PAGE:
Using spectroscopy, helium was first discovered in the Sun. Spectral lines labeled coronium and nebulium did not fit into the periodic table of the elements. Discovery of Helium in the Sun. Spectroscopy, Coronium, Nebulium, and the Periodic Table.
In 1869 Dmitri Mendeleev discovered the patterns that led to the modern periodic table of the elements. With the periodic table, Mendeleev and other chemists could predict where an element was missing and chemical properties of the missing element. The periodic table also told chemists when all the elements had been discovered.
In 1859 Gustav Kirchoff built an improved spectroscope and began the science of spectroscopy. Astronomers soon mounted spectroscopes on telescopes to study the chemical compositions of celestial objects.
Discovery of Helium
During the total solar eclipse in 1868, a French scientist, P.J.C. Janssen, observed the spectrum of the Sun’s chromosphere from India. Janssen observed a bright yellow spectral emission line that he initially thought was a well known line from the element sodium. Unlike most of the chromosphere, this line was bright enough to observe outside of solar eclipses, so Janssen continued to study the line. About the same time, Norman Lockyear, a British scientist, independently observed this line. Detailed study showed that this line did not quite match the sodium line, which is actually two very closely spaced lines.
Janssen and Lockyear had discovered a new element, named helium from the Greek word for Sun, helios. Sir William Ramsay finally isolated helium in a laboratory in 1895. He heated a uranium-containing mineral, Norwegian cleveite, and found it gave off helium gas.
Mendeleev did not predict the existence of helium and other noble gasses with his periodic table because he originally based it on atomic weight rather than atomic number. However, the discovery of helium filled an important gap in the modern periodic table, atomic number 2.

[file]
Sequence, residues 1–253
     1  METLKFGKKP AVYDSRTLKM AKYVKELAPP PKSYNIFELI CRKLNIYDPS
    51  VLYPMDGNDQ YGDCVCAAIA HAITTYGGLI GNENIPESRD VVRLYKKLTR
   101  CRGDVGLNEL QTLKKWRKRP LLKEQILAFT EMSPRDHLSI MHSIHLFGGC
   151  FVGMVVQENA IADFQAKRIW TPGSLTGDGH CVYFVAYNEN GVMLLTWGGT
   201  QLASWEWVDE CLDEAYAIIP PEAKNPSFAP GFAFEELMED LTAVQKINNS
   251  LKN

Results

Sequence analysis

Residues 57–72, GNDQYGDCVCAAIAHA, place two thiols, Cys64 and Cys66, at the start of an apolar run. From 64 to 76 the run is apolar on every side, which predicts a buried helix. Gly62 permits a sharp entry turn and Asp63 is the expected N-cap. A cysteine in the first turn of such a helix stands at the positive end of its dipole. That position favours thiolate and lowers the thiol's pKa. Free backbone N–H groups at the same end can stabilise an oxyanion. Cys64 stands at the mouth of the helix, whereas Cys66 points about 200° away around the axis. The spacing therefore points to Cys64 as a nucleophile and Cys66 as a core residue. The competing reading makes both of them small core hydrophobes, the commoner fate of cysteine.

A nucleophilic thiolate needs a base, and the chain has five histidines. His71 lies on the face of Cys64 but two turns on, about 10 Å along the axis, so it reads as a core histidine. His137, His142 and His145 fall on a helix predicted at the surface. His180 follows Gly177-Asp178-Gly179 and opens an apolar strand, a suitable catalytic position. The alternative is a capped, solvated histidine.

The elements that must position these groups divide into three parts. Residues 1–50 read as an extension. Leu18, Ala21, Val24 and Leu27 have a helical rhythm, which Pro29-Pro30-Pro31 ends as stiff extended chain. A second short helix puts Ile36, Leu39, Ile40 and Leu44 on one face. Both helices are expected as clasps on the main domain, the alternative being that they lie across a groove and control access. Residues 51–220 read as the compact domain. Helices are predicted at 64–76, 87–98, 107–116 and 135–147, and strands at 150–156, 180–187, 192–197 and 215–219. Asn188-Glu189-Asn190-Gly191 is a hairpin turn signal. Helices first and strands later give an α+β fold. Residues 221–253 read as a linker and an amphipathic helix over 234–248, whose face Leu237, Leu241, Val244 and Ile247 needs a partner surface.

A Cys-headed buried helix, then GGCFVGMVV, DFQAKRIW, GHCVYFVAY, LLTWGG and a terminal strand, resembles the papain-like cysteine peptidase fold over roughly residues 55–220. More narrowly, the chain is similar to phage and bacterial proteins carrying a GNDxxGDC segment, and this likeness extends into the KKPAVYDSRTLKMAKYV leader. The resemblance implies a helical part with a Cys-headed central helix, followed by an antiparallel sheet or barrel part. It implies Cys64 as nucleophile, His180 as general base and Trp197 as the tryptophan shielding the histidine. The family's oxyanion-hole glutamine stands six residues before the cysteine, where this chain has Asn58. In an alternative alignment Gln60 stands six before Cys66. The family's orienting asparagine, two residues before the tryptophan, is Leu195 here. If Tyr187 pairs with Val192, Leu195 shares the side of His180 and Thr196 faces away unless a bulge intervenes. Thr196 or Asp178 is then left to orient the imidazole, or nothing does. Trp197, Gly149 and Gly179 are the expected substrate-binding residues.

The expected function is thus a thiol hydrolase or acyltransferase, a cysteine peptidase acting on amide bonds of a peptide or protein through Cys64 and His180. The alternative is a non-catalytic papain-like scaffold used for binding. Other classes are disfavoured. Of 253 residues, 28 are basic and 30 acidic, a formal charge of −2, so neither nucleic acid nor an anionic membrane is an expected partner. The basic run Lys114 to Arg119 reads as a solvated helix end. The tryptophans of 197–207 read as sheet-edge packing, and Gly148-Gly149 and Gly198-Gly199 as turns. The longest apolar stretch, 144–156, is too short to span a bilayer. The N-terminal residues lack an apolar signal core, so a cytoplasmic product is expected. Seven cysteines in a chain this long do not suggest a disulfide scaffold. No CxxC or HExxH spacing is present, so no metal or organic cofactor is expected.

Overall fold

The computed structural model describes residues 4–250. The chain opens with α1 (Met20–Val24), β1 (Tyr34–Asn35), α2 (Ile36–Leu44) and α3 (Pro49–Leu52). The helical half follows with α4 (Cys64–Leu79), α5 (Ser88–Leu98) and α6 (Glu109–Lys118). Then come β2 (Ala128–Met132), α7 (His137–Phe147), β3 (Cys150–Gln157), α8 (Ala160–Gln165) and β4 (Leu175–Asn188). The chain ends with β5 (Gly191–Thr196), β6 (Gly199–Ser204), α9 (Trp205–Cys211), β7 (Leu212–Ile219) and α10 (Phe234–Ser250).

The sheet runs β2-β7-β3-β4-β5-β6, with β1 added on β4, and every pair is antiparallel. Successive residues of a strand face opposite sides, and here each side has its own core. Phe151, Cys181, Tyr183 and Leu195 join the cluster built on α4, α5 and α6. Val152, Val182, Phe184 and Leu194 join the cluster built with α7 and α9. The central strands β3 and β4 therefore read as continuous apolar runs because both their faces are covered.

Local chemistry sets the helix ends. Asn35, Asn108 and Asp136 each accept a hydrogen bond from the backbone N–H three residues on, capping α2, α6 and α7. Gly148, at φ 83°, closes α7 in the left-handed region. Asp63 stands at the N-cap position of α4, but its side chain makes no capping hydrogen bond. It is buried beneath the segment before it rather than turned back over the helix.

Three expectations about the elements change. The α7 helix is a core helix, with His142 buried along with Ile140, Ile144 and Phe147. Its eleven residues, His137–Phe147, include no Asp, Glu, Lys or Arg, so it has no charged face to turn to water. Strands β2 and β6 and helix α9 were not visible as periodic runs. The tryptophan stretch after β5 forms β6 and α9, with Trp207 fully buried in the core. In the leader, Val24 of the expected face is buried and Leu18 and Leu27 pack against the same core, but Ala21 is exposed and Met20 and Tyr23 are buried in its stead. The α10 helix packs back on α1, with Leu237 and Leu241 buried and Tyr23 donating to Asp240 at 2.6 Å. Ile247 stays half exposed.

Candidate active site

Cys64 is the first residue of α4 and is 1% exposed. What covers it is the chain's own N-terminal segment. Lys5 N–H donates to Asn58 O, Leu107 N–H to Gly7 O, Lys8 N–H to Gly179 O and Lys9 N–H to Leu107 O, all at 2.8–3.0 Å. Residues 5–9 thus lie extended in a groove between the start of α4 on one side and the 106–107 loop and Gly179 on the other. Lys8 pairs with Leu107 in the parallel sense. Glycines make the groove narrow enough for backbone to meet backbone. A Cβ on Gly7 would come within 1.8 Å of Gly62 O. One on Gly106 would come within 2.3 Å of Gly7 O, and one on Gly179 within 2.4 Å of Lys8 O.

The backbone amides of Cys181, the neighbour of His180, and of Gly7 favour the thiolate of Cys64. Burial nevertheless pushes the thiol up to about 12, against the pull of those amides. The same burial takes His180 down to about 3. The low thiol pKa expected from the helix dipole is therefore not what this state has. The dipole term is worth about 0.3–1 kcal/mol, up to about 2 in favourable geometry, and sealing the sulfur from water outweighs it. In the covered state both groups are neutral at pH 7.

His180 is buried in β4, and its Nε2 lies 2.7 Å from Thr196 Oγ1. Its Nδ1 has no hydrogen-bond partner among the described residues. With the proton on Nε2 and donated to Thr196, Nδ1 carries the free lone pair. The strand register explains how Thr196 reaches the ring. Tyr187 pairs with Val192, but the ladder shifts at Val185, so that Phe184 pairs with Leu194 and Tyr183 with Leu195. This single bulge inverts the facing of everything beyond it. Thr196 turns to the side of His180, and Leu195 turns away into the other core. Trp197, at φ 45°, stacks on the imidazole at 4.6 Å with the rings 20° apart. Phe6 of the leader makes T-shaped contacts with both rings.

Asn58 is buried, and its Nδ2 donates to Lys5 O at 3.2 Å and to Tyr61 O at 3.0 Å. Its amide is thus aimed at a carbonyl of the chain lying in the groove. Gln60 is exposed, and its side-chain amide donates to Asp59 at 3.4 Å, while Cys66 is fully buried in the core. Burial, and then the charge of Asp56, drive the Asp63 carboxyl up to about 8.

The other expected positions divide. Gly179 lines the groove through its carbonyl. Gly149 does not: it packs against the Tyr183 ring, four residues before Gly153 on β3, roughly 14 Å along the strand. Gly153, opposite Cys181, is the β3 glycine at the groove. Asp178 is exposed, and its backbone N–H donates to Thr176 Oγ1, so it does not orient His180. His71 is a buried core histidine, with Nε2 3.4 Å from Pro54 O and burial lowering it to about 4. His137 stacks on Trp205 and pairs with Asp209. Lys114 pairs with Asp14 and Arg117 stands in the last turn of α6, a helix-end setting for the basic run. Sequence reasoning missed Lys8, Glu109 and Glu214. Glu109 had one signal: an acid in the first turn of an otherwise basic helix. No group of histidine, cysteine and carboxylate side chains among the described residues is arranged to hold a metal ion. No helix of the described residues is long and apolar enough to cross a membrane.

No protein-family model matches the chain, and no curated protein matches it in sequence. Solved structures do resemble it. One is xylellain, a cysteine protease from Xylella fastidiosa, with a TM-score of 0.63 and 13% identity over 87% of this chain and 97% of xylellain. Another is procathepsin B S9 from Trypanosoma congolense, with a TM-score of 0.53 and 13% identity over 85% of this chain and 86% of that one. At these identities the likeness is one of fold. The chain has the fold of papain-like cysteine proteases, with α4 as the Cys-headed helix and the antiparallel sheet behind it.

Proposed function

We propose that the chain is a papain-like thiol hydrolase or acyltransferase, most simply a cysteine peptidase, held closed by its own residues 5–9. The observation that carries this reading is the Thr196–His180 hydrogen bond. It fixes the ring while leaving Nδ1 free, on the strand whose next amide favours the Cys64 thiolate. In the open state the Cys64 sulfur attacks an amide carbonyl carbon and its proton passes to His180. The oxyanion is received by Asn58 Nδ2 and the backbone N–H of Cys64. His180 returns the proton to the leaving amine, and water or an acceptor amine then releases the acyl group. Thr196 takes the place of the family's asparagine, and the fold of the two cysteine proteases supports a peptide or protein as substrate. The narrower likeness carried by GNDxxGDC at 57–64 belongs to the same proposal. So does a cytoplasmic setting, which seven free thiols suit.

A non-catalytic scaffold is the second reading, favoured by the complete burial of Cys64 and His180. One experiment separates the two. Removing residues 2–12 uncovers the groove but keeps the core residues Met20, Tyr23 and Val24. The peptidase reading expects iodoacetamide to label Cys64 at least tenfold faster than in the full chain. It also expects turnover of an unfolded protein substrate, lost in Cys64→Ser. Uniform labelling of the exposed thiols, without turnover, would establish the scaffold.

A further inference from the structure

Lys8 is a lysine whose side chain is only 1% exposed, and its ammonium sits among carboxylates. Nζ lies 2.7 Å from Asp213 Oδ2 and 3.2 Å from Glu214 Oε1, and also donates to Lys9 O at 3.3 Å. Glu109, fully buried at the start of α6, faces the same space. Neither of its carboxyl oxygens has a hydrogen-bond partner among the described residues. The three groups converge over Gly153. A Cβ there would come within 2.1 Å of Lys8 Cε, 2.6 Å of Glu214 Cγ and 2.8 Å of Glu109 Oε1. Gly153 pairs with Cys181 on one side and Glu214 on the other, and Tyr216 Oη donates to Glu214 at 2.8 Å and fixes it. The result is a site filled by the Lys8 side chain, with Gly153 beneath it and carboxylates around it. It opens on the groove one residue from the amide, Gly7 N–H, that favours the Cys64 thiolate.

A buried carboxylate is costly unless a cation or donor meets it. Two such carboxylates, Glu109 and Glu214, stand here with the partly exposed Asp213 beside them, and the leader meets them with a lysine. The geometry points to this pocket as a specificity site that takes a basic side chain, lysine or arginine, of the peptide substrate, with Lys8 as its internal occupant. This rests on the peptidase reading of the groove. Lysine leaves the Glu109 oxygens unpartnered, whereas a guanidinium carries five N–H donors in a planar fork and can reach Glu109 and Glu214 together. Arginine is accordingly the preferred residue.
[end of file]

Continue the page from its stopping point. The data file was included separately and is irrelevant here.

Coronium and Nebulium
In 1869, several astronomers independently discovered a bright green emission line from the Sun’s corona. This line did not match any spectral lines known at the time for any elements on Earth. This possible new element was called coronium. From its location in the Sun’s outermost atmosphere, the corona, scientists inferred that coronium must be lighter than hydrogen. However, Mendeleev’s periodic table left no room for elements lighter than hydrogen, which has an atomic number of 1.
In 1864 Sir William Huggins studied the spectrum of the Orion nebula and found a bright green emission line that did not match any spectral lines known on Earth. Huggins observed this line in about a third of the nebulae he studied. He proposed the name nebulium for this possible new element. The perfected periodic table left no place for nebulium.
In 1927, I.S. Bowen finally solved the mystery of coronium and nebulium. Under high temperature near vacuum conditions, such as found in nebulae and in the solar corona, ordinary elements emit spectral lines that they do not emit in conditions found in laboratories on Earth. To produce these lines, atoms must remain in highly ionized states (missing multiple electrons) for relatively long times. These states do not occur on Earth without special effort, so these spectral lines are called forbidden lines.
The spectral lines of coronium and nebulium turned out to be forbidden lines of ordinary elements. Nebulium was oxygen that was missing two electrons, doubly ionized. Coronium was highly ionized iron with 13 electrons missing. Further study and understanding revealed many other forbidden lines of highly ionized common elements in the corona and nebulae.
It took about six decades to solve the mystery, but the periodic table of the elements gave scientists a unifying principle to distinguish between new elements, like helium, and common elements in unusual states, like coronium and nebulium.